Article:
If you happened to hear a broadcast of some of this recording, not having heard of it before, and supposing also that you were not intimately familiar with the two books of Preludes which Debussy wrote for the piano but were in fact quite familiar with all the orchestral work of Debussy – and Ravel – you might be almost beside yourself trying to identify what you were hearing. Even if you are in fact quite familiar with the Preludes you still might have difficulty. For myself, knowing very well what works I was hearing on this recording, I still was very surprised to hear a familiar-sounding passage that brought La Mer to mind – with all its power – and another that reminded me of Ravel's La Valse – among many fresh sounds.
Luc Brewaeys' respect for Debussy's work is such that in producing this version of the Preludes – first performed in Brussels at the Palais des Beaux-Arts in late 2004 and late 2005 – he "decided not to touch Debussy's notes." No doubling, even. "There's not a single octave in the score, which was not written by Debussy himself….also during the loud passages where the temptation to add notes for additional effect is great: I mainly searched for very specific, original combinations of sounds within the orchestral forces." He says that "it wasn't my intention to orchestrate the works as Debussy would have done himself. I wanted to give my own interpretation of the orchestral colours."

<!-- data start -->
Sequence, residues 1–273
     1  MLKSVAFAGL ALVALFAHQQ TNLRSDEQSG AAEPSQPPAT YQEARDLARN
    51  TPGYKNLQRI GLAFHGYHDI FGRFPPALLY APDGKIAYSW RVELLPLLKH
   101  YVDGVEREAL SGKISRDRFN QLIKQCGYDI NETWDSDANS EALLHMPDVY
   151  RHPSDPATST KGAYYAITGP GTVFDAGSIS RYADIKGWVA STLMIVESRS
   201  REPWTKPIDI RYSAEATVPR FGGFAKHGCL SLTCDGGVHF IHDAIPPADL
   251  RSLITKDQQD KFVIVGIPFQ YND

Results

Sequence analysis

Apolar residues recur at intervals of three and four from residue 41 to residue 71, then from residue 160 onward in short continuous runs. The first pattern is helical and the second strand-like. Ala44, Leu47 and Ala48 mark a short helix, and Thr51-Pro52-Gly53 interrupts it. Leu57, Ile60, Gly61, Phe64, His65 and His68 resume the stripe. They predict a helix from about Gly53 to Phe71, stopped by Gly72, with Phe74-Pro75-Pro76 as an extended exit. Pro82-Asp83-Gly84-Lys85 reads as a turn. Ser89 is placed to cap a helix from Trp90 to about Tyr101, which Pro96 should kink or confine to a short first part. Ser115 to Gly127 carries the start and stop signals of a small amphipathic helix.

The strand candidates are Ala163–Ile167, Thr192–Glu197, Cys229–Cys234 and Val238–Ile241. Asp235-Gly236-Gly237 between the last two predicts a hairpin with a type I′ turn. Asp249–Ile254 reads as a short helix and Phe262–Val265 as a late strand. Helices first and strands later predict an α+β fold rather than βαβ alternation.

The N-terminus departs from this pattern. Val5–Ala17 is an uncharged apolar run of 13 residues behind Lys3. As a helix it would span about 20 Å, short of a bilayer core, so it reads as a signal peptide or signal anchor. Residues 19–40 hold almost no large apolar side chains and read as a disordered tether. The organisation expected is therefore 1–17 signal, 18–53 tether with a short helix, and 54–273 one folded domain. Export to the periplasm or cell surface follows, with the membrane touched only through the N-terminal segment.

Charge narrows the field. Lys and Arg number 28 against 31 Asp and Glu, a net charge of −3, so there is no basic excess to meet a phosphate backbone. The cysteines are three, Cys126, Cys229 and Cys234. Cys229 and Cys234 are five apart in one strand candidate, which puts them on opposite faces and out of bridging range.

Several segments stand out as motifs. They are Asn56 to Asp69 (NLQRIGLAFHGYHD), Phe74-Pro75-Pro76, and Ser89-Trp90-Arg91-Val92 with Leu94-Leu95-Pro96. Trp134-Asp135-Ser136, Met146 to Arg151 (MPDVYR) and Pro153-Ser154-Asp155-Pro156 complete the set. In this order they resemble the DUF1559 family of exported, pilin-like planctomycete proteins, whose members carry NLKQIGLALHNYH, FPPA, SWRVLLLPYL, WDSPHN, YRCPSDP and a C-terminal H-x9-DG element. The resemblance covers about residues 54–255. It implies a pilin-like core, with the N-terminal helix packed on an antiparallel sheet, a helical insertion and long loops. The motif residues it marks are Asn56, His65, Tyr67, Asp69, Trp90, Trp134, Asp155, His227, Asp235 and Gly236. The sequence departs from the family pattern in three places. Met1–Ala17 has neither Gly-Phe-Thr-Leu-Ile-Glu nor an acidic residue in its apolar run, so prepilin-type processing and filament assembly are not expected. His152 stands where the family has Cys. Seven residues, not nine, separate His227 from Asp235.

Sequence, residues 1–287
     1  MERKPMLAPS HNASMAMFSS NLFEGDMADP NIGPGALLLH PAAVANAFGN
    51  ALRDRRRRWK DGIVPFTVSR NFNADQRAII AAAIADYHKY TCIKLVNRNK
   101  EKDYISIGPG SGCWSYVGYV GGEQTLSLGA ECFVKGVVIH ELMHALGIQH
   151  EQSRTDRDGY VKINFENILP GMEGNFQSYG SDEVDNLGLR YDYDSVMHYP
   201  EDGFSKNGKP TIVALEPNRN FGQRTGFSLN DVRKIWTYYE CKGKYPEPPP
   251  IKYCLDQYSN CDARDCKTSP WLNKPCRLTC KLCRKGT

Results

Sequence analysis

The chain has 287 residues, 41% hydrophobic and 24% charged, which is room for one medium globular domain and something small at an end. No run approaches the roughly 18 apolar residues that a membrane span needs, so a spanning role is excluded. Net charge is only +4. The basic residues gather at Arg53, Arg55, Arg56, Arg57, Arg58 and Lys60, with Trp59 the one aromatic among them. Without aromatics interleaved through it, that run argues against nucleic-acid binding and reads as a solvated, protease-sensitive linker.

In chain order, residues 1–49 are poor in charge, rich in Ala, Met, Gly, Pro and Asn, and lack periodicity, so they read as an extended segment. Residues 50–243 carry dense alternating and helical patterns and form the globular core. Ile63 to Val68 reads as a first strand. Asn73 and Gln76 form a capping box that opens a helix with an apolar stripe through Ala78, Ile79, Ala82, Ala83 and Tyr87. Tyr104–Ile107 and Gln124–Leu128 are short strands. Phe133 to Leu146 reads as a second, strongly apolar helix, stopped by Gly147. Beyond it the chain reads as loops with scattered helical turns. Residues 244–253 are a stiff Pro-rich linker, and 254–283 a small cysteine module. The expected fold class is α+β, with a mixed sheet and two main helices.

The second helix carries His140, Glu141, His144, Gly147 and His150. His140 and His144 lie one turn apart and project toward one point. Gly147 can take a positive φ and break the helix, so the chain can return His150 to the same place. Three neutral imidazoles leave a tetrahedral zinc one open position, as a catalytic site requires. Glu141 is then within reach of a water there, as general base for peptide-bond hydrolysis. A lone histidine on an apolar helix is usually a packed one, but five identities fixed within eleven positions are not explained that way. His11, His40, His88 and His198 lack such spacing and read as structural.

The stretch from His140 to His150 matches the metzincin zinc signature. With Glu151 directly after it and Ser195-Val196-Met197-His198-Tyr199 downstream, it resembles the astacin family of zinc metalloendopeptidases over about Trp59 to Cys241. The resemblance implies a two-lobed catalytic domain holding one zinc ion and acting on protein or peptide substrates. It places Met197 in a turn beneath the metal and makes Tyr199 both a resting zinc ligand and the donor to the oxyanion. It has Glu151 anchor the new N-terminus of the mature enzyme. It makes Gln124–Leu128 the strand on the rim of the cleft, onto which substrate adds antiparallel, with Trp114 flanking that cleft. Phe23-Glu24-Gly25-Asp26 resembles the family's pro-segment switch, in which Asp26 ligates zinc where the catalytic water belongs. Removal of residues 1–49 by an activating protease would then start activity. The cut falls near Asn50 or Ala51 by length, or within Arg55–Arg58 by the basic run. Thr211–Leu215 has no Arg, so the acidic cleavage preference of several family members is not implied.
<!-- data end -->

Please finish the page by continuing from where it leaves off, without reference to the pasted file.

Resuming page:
Brewaeys certainly succeeded in coming up with creative sonorities, much more so than others who have orchestrated piano originals. The results are very satisfying, in fact splendid, and I highly recommend this very welcome recording. But as with all such orchestral transformations, the simple fact that the piano is inescapably percussive means that notes played on its highest octave have a very different sound when violins play them at the same pitches; the timbres of the instruments of a symphony orchestra are extremely different from those of the piano; and the dynamic range of an orchestra of course vastly exceeds that of a piano. Thus this version of the Preludes sounds very different from the original – but still sounds very much like Debussy's orchestral works, to my ears.
So the question remains: why does Brewaeys call his work a "recomposition" rather than an orchestration, the more expected term? If you have heard it, is he right? I would welcome any comments.
Copyright © 2006, R. James Tobin